The Good Life

Tuesday, December 29, 2009

Trailer Park

Behold! Some of the newest trailers for some of the most noteworthy upcoming releases.

By R. Kurt Osenlund, The Good Life film critic

Okay, the fan in me really wants to be super-excited for this movie, which reunites the fab foursome for yet another couture-filled soiree. But the critic in me sees a lot of problems here: 1. Do we really need another outing with Carrie, Samantha, Charlotte and Miranda? I'm not gonna pull the age card, but I will say that one movie was a nice enough capper to an iconic series. Dragging out the story may well tarnish its history. 2. Could Carrie's stock narration sound any more desperate? Here's what I heard: "Sorry, we really don't have anything left to say, but please come see our movie anyway." 3. Finally, the most obvious complaint: What's with the desert? As a century of cinema has proven, New York is rich enough for thousands of stories, and it's the cornerstone of "SATC." No need to shuffle the ladies off to the Sahara, where broad comedy will undoubtedly ensue. Also, there's no one more qualified to strut across sand dunes in designer clothes than these girls, but that doesn't mean it doesn't look ridiculous.

Another sequel, and more skepticism for yours truly. Believe me, I adored the first "Iron Man" film, calling it one of the best superhero flicks to ever be churned out of Hollywood. But this follow-up looks to be even more cocky than Tony Stark, the metal-clad millionaire played by Robert Downey Jr. There's potential for a lot of broad humor here as well, as evidenced by jokes that may be too lame for even the great Downey Jr. to sell (in my opinion, "You complete me" is never, ever okay). Mickey Rourke is an exciting addition, but unless his Whiplash has more tricks up his sleave, he doesn't seem to be a very formidable villain. In case you missed her few seconds of screen time, Scarlett Johansson also appears as The Black Cat.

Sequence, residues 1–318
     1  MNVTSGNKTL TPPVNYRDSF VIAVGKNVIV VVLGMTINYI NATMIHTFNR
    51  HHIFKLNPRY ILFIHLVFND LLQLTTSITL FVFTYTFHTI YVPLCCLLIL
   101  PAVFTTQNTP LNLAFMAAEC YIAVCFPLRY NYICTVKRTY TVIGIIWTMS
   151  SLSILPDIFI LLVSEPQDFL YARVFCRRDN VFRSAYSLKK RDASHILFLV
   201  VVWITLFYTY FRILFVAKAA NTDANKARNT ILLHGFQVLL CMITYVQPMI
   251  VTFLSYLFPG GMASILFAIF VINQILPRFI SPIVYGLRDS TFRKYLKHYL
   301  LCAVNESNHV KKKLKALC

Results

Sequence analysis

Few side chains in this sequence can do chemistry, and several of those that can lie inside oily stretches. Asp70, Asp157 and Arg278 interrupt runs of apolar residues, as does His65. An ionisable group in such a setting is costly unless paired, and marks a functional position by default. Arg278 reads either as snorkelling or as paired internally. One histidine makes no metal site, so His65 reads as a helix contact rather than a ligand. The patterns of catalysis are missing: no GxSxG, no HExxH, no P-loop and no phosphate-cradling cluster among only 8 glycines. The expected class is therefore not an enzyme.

A prestige film stripped of its prestigious, Oscar-qualifying, late-2009 release date, "Creation" spent a long time searching for a U.S. distributor following its premiere at September's Toronto International Film Festival. Apparently, American audiences are especially sensitive to the Charles Darwin biopic's theme of Creationism versus evolution. The movie has since been picked up by Newmarket Films, and will open at the end of January. However good it turns out to be, the unfortunate truth is that its early-in-the-year showing will probably adversely effect its chances in the 2010 awards season. Still, it will no doubt benefit from having two terrific lead actors on board: Paul Bettany as Darwin and Jennifer Connelly, Bettany's real-life wife, as Mrs. Darwin.

Wednesday, December 23, 2009

Star to Watch


By R. Kurt Osenlund, The Good Life film critic

Forget Vin Diesel. Forget The Rock. Hollywood's hottest new action star is 33-year-old Australian actor Sam Worthington, who's attached to a string of major blockbusters and shows no signs of slowing down. Once a candidate to fill Pierce Brosnan's shoes in the role of James Bond (a gig that ultimately went to Daniel Craig), Worthington starred opposite Christian Bale in May's "Terminator Salvation," which didn't fare well with critics but performed fairly well in overall box-office. Worthington portrayed a cyborg in the film, the fourth installment in the popular sci-fi franchise.